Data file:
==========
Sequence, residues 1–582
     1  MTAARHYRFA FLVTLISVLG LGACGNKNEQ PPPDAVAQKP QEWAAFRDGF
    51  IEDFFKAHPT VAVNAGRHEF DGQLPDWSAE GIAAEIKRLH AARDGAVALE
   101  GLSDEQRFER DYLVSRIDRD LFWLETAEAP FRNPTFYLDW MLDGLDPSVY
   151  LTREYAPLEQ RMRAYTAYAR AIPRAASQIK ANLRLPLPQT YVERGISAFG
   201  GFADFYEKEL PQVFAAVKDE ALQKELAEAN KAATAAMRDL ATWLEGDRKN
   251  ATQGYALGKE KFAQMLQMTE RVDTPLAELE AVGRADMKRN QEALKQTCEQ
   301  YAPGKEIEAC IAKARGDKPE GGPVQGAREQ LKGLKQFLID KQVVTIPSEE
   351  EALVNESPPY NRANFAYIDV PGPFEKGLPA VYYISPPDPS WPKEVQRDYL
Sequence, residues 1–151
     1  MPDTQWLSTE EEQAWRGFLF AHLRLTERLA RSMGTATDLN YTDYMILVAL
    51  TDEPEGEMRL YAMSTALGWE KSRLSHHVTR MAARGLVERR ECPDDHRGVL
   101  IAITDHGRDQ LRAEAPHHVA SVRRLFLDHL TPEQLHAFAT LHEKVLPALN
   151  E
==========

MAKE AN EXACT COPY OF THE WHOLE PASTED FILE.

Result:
Sequence, residues 1–582
     1  MTAARHYRFA FLVTLISVLG LGACGNKNEQ PPPDAVAQKP QEWAAFRDGF
    51  IEDFFKAHPT VAVNAGRHEF DGQLPDWSAE GIAAEIKRLH AARDGAVALE
   101  GLSDEQRFER DYLVSRIDRD LFWLETAEAP FRNPTFYLDW MLDGLDPSVY
   151  LTREYAPLEQ RMRAYTAYAR AIPRAASQIK ANLRLPLPQT YVERGISAFG
   201  GFADFYEKEL PQVFAAVKDE ALQKELAEAN KAATAAMRDL ATWLEGDRKN
   251  ATQGYALGKE KFAQMLQMTE RVDTPLAELE AVGRADMKRN QEALKQTCEQ
   301  YAPGKEIEAC IAKARGDKPE GGPVQGAREQ LKGLKQFLID KQVVTIPSEE
   351  EALVNESPPY NRANFAYIDV PGPFEKGLPA VYYISPPDPS WPKEVQRDYL
Sequence, residues 1–151
     1  MPDTQWLSTE EEQAWRGFLF AHLRLTERLA RSMGTATDLN YTDYMILVAL
    51  TDEPEGEMRL YAMSTALGWE KSRLSHHVTR MAARGLVERR ECPDDHRGVL
   101  IAITDHGRDQ LRAEAPHHVA SVRRLFLDHL TPEQLHAFAT LHEKVLPALN
   151  E